Yizhi Shan, Megumi Asai, MD, Jaclyn Millici, MD, Daniel Ringold, MD, Robert Josloff, MD, Orlando Kirton, MD, Thai Vu, MD. Abington Hospital Jefferson Health
Pancreatitis has traditionally been a very difficult disease to manage surgically. More recently, the development has been finding minimally invasive methods of diagnosing and treating complex pancreatitis process that is refractory to medical management.
We present a case of severe gallstone pancreatitis complicated by pseuocyst formation in a 64 years old female patient. Pseudocyst was noted on CT scans performed after she failed to recover in an expected fashion with appropriate supportive care. Patient eventually became symptom free and discharged from the hospital. Two month later, she underwent definitive concomitant laparoscopic endoscopy-assisted cysto-gastrostomy and laparoscopic cholecystectomy. Patient recovered post-operatively without any initial complications but developed recurrent pancreatitis 6 month later. Conventional imaging during that hospital stay did not identify the cause of the recurrence. An outpatient endoscopic ultrasound was performed after that acute episode. Ultrasound study showed a pancreatic head with dominant dorsal duct, an absent pancreatic body with hyperechoic scar in its place, and a remnant pancreatic tail with a patent duct that is not in communication with remaining pancreas. This remnant tail was believed to be the source of the recurrent pancreatitis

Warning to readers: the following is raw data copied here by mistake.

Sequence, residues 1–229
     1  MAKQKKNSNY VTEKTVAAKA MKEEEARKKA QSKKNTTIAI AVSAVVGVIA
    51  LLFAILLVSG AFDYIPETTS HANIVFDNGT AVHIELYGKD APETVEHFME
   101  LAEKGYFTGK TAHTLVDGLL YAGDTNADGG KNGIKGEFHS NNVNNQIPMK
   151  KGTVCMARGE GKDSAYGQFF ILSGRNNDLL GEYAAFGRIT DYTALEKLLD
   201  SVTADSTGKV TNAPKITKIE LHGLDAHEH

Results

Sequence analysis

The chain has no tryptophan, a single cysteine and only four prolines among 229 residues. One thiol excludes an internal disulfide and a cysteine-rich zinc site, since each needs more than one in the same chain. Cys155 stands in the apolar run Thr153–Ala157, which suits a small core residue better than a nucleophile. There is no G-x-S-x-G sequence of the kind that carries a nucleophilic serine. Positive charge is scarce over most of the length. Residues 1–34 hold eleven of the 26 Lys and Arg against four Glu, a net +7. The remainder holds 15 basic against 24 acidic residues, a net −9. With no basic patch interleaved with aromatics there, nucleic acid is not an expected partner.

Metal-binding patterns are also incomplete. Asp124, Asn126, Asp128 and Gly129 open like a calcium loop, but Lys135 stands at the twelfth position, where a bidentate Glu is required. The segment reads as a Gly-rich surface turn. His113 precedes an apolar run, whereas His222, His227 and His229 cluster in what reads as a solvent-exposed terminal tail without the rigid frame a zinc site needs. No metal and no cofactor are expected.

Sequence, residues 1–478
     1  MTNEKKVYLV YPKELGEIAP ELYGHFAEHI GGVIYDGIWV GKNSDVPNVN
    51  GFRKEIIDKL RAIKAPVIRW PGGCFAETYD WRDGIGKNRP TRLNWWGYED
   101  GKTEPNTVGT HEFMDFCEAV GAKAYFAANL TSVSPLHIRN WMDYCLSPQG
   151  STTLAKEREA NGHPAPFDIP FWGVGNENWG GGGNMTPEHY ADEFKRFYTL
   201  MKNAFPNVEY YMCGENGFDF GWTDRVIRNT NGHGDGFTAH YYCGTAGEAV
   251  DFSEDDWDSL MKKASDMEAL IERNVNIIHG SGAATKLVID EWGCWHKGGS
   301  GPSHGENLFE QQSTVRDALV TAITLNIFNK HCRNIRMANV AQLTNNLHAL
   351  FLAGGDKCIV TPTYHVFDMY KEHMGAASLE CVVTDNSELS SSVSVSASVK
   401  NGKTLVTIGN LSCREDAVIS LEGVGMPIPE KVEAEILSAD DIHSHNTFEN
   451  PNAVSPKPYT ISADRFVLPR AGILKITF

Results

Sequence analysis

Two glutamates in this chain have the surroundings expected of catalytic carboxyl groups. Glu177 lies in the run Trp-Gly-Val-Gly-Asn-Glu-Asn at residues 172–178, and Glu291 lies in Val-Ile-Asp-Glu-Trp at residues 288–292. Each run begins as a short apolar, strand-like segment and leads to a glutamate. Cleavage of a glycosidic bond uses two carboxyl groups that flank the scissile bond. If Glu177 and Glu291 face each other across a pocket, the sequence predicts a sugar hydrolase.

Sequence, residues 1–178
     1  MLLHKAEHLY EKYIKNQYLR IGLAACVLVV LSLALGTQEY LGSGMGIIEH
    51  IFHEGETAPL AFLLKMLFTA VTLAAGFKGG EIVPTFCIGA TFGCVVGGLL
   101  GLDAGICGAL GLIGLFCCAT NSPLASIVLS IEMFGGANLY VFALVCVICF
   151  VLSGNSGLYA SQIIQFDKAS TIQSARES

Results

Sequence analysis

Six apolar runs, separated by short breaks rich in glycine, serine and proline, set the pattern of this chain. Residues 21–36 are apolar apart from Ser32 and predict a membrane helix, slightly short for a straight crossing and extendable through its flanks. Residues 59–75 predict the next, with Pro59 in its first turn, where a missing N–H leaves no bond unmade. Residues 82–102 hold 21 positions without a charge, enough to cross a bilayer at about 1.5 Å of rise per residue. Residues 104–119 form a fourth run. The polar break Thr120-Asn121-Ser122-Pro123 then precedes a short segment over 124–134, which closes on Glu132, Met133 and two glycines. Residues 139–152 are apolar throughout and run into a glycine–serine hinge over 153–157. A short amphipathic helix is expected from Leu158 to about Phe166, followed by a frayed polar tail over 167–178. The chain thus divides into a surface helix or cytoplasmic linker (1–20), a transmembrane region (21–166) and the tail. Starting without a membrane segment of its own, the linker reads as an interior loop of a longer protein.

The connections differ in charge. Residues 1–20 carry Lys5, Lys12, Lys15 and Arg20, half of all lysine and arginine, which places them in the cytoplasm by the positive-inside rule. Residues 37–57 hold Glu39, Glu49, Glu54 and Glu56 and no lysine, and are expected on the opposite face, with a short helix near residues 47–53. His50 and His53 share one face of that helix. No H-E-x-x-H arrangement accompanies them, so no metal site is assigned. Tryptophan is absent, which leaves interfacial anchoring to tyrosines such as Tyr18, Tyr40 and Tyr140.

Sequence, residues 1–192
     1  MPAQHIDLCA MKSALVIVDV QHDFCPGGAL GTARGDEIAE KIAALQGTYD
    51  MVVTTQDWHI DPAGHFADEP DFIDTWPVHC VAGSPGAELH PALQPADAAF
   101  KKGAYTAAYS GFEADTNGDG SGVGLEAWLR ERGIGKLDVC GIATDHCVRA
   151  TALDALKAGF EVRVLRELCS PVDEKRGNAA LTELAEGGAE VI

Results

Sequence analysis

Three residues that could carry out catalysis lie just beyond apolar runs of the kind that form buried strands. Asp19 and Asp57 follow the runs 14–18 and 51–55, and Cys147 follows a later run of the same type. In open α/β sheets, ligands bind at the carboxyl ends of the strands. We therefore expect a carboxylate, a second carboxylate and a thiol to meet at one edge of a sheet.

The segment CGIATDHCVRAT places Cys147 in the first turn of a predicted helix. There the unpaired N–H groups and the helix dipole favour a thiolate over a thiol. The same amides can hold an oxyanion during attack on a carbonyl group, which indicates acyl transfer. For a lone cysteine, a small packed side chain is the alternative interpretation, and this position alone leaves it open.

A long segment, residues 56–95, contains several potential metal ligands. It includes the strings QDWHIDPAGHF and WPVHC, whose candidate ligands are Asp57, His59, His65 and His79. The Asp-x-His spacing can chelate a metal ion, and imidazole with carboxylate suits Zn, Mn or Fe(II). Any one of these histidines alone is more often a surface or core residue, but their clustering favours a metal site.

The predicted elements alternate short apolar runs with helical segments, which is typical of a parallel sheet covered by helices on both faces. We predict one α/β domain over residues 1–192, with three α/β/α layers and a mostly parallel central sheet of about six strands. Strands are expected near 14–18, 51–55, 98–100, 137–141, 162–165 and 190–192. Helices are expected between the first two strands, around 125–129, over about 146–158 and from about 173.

To date, the literatures has predominantly focused on the progressive advancement in the treatment of pancreatic pseudocyst. There is minimal description of combined minimally invasive cysto-gastrostomy and cholecystectomy. This is the first description of a cysto-gastostomy performed using transgastric ports and endoscopic assistance, hence limiting the extent of gastrostomy. This also describes both procedures performed using the same port sites.
Our case demonstrates the utility of combined endoscopic and laparoscopic approaches in the approach of complex pancreatic diseases. This patient underwent laparoscopic and endoscopic treatment for her pancreatic disease. She also had a successful use of endoscopic ultrasound in diagnosing recurrent pancreatitis that could not be identified by traditional imaging.
The days of high mortality open surgery is limited. The future of complex pancreatic disease is in the hands of laparoscopic surgeons and the endoscopists.
Presented at the SAGES 2017 Annual Meeting in Houston, TX.
Abstract ID: 79380
Program Number: P145
Presentation Session: Poster (Non CME)
Presentation Type: Poster